Winnipeg Free Press - PRINT EDITION

Gross shows 'em in the Show Me State

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Jessica Gross seems to have picked a good time to get serious about boxing.

The 16-year-old Whitemouth resident admits that she spent more time socializing than sparring when she first took up the sport, but became more committed about three years ago.

Now, Gross is an international champion in her class, and it's timely, as women's boxing was recently approved for the 2012 Olympics in London.

"My entire boxing career I've been fighting older people," said Gross. "I'm hoping with all the experience of fighting people with more experience, it'll help me out.

"I think it's almost a respectful gesture having female boxing in the Olympics, like they're finally taking it seriously."

Gross' coach, Kirk Fleming from Beausejour's Eastman Boxing Club, is convinced that Gross will don the Maple Leaf at the Games.

"There were a lot of coaches there in awe to see this tiny little thing throwing punches so fast. She is the real deal," said Fleming. "That girl will be on the Canadian national team representing Canada at the Olympics, no doubt in my mind."

Last week, Gross won the 15-16 145-pound title at the Kansas City Ringside tournament, which hosted just under 1,350 boxers. While only two other boxers were in her division, both fighters are on the American national team.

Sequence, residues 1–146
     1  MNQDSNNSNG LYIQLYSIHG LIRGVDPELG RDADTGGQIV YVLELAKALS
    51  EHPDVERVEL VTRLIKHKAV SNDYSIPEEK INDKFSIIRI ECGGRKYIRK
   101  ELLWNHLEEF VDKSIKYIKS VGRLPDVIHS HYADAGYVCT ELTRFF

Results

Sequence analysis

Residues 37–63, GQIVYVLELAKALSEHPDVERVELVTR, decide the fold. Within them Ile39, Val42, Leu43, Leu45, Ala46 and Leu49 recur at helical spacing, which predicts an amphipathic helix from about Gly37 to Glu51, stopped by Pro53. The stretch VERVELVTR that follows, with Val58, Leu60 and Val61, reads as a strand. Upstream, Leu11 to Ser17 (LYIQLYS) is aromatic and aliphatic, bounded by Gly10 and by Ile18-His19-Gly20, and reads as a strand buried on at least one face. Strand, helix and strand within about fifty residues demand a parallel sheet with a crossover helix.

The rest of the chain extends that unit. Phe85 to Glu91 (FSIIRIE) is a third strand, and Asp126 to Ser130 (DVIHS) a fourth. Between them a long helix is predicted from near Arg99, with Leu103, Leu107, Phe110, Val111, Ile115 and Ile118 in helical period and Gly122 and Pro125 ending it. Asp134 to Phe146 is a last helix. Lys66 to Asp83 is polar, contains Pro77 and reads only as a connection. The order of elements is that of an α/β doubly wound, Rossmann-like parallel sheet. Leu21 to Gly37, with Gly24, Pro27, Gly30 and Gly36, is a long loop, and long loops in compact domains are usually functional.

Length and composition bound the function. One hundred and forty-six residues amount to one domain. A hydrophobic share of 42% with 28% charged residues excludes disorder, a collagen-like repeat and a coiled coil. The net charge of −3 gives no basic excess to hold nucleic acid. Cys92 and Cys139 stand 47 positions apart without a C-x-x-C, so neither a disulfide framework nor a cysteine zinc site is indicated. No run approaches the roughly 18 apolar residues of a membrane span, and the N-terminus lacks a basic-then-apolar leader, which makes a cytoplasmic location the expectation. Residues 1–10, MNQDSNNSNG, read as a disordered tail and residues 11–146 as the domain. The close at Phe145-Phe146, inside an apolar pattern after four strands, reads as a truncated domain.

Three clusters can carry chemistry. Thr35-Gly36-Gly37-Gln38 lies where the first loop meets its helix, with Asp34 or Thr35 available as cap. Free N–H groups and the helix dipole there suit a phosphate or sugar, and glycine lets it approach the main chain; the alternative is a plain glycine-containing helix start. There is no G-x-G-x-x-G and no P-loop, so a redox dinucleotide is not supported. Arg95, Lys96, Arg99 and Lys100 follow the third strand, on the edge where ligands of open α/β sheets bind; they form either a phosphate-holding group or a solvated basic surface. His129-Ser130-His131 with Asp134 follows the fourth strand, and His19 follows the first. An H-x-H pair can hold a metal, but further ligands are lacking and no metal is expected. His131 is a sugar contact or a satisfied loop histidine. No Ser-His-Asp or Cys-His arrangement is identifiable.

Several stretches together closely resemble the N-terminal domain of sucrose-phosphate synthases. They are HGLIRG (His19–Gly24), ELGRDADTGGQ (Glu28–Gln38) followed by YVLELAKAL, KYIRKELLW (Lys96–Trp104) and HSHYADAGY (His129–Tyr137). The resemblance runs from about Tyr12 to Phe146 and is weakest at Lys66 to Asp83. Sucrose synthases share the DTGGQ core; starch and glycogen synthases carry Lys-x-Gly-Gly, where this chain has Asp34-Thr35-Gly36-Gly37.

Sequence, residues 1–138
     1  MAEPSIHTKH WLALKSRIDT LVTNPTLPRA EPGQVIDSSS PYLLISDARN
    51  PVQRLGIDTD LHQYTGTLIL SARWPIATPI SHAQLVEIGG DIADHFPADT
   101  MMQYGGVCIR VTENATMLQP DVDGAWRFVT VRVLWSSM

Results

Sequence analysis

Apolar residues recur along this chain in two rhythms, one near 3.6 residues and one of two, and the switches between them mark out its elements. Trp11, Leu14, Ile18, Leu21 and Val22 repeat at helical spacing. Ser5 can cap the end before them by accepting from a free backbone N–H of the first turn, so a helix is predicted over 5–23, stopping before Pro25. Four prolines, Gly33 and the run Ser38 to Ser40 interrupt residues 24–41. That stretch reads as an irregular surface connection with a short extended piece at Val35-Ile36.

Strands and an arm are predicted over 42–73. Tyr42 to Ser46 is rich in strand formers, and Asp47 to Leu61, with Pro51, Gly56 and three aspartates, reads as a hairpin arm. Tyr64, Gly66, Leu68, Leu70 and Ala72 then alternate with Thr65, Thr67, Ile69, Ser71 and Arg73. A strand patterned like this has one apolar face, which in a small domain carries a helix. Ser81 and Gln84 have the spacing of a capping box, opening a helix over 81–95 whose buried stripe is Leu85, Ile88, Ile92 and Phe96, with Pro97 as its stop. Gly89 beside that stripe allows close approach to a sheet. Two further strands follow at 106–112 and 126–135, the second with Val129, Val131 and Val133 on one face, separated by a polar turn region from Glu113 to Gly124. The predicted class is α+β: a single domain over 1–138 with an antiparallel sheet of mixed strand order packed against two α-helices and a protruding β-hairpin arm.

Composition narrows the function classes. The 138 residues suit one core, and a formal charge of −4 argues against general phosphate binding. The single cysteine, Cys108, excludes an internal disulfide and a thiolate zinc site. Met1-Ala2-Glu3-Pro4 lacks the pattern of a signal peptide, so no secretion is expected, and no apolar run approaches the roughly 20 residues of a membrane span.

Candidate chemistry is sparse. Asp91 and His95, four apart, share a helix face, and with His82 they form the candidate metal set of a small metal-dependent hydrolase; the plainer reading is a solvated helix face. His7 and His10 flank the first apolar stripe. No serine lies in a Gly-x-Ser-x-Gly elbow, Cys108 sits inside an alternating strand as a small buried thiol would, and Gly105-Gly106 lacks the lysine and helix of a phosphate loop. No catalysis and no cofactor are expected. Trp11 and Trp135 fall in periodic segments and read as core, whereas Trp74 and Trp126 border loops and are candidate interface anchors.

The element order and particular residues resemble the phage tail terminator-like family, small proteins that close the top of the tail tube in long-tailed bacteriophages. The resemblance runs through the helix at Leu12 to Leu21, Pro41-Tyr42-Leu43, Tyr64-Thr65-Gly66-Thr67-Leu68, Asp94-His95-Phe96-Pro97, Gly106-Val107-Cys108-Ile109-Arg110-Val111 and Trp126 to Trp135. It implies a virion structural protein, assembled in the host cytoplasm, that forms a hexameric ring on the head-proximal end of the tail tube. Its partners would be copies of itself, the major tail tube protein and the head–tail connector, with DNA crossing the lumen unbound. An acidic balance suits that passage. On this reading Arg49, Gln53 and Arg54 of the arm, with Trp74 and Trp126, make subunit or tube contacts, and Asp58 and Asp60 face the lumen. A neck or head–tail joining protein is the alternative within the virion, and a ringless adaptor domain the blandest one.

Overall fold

"I wasn't sure if I won the fight or not," said Gross of the final against Asia Stevenson. "When they raised my hand I just felt 'wow, I am that good and I can do it.' I don't know who was more excited, Kirk or me."

While Gross made Fleming proud, she wasn't the only apple of his eye in Missouri, as Alex Simard, 17, also won his division.

"Here's little old Beausejour just hanging in there, and all of a sudden, come Saturday, we're in three final rounds, and winning two of them," said Fleming.

Simard had only six career fights before Kansas City, but fought four times in the Show Me State, winning each one to capture the 17-34 novice (fewer than 10 fights) 165-pound championship.

"I ended up getting a fight every day," said Simard. "I got a belt and everything.

"I don't even know what I love about it so much. Just the feeling of winning."

Simard said that he and a friend started boxing to get in shape for hockey season, but he fell in love with the sport to the point where he quit his summer job to train.

"I had never looked at the sport seriously, I just thought it was a bunch of goons," said Simard. "It really turns kids around, their attitudes. Some of these guys in the gym were completely different kids in school and Kirk's turned them right around."

daniel.falloon@freepress.mb.ca

Republished from the Winnipeg Free Press print edition August 15, 2009 D6

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